Toys R Us accounts for about 11 percent of Mattel’s annual sales and about 9 percent of Hasbro’s annual volume, analysts estimate. Both have posted lackluster financial results of late, and there was talk last year about the possibility of a merger between them.

But smaller toy companies will have a harder time. Silver believes they will be hurt more than Mattel Inc. and Hasbro Inc. since Toys R Us could account for up to 40 percent of their overall business. And big stores, such as Walmart and Target, are less likely to sell smaller brands because they have less space to sell toys. Stephanie Wissink, a toy analyst at Jefferies, wrote in a recent note that small companies will explore selling themselves to survive. She thinks that Hasbro and Mattel will be best positioned to add more small- to medium-sized toy makers to their portfolios.


Real estate executives offer different opinions on whether landlords can easily fill the holes at the strip centers where most of the Toys R Us locations are.

Given the chain’s issues, the closings aren’t a shock to landlords, and they’ve already been trying to line up possible tenants to replace Toys R Us over the past few months, said Katy Welsh, a senior vice president at the southern Florida division of the commercial real estate brokerage firm Colliers International.

Welsh says she’s been working with a number of companies like Glowzone, an entertainment park, and Lucky Markets, which offers beer tastings in its stores, which would be interested in taking some of the spaces nationwide.

“You have to look at this as an opportunity to reposition that store,” she said.

But Suzanne Mulvee, director of research for CoStar, a real estate research firm, says that 51 percent, or 450 Toys R Us’s stores are in shopping centers considered low-quality. So landlords could struggle to replace them with tenants at similar rates — or worse, they could remain vacant, she says. She says she also believes that matching the size of the box, which average about 30,000 square feet, could be difficult as well.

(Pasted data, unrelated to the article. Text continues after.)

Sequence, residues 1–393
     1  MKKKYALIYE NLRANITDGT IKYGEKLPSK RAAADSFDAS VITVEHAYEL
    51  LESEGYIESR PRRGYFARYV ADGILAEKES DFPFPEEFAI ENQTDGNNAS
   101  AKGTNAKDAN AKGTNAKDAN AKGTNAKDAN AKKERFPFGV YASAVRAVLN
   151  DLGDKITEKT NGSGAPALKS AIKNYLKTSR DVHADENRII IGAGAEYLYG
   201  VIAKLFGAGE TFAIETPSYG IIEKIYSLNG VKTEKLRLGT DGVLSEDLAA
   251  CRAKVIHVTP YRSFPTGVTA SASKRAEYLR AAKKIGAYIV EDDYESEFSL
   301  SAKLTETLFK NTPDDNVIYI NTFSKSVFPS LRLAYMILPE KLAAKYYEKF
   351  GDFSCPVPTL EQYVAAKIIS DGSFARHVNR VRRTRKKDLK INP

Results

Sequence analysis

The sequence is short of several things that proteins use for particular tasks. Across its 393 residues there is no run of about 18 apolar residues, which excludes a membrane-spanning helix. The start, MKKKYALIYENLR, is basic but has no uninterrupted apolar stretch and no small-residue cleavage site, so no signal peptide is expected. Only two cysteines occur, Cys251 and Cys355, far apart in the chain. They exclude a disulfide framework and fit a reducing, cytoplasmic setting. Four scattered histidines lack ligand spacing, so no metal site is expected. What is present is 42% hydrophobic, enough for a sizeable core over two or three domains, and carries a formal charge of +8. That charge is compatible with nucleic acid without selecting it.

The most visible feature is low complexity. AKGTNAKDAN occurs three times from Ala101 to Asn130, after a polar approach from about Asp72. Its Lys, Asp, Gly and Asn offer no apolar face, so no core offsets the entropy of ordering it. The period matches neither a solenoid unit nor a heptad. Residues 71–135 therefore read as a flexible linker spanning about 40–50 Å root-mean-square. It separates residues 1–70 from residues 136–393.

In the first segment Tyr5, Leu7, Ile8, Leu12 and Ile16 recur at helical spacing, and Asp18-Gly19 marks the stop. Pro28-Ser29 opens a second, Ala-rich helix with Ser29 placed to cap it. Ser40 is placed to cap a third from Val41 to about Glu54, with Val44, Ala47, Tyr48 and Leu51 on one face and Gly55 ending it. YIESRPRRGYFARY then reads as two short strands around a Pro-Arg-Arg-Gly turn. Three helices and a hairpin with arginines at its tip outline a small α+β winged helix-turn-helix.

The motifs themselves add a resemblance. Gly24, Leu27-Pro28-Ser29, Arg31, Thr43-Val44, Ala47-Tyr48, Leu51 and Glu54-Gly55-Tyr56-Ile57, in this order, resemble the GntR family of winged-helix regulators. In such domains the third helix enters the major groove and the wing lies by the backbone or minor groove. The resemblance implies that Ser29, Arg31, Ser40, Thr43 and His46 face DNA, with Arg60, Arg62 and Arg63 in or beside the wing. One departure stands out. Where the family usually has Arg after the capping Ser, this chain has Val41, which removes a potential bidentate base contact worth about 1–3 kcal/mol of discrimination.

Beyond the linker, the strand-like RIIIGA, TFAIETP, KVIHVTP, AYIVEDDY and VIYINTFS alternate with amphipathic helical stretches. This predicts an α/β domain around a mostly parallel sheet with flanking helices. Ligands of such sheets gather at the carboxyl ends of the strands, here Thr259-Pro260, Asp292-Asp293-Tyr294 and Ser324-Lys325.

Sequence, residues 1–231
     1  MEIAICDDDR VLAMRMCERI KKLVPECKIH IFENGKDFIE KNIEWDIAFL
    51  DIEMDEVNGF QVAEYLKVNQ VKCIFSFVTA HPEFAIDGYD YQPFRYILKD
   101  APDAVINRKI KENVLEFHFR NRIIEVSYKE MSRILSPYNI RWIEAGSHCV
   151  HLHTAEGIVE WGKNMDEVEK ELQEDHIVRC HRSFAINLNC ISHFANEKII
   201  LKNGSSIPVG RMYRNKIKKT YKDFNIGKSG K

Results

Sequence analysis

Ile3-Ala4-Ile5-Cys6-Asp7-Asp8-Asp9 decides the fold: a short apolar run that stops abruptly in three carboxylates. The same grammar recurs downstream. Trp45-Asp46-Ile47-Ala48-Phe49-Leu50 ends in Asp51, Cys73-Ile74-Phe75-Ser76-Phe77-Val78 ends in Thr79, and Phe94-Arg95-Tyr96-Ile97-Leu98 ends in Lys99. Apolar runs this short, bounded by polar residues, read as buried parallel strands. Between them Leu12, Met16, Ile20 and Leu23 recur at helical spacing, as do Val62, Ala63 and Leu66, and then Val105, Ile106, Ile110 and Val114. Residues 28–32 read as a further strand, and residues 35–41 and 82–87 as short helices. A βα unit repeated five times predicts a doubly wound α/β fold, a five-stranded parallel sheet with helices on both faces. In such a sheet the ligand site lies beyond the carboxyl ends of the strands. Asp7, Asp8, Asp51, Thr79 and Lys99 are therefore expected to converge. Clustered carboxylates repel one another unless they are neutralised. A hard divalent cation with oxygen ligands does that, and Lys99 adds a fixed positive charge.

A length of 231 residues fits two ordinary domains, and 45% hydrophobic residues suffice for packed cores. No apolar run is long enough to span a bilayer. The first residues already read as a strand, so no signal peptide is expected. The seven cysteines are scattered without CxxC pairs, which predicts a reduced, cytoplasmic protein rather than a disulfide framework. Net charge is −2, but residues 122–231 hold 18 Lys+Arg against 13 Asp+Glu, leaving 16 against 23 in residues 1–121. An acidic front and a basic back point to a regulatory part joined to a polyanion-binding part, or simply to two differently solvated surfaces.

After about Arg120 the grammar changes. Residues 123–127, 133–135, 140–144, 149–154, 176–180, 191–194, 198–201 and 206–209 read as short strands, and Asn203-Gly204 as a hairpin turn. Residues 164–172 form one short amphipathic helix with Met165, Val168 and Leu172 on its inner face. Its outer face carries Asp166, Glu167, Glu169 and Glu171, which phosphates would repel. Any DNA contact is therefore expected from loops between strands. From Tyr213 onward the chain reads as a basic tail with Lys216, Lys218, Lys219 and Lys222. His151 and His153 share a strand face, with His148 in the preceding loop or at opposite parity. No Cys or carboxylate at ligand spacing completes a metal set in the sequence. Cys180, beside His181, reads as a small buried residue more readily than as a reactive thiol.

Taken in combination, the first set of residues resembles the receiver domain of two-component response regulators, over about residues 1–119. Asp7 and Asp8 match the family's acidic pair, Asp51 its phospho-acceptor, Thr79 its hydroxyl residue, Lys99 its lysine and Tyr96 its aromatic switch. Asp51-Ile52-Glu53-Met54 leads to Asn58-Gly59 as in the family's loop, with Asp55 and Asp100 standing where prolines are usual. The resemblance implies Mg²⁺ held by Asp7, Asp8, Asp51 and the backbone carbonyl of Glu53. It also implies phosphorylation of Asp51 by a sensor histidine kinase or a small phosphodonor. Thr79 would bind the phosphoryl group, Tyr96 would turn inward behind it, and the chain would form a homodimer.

“The sweet spot seems to be boxes that are under 25,000 square feet, ” she says.


Toys R Us, as a well-known and long-lasting brand, may yet have a future — the company even quoted its classic jingle in its bankruptcy filings. And other seemingly dead retailers have a way of coming back to life.

American Apparel, which closed all its stores last year after filing for bankruptcy, was revived by another company as an online-only clothing store. FAO Schwarz, which Toys R Us once owned, is opening shops inside department stores in the U.S. and China. And Sharper Image, which also shut its stores, now sells gadgets online and opened a New York pop-up shop during the holidays last year.

–The Associated Press

Why The Liberal Arts are Necessary for Long-Term Success

W. Denham Sutcliffe, American author and professor of English at Kenyon College, said this about the liberal arts.  “Liberal learning is that which underlies, that which gives purpose and direction to practical skills.  It tries to distinguish between more and less important, between the grand and the trivial, and to concern itself rather with the center than with the periphery.”

It has become an accepted truism that if you want your daughter or son to succeed she or he needs to focus on the STEM subjects–science, technology, engineering, and mathematics.  These STEM majors are broadly seen as a certain pathway to employment in our brave new technological world.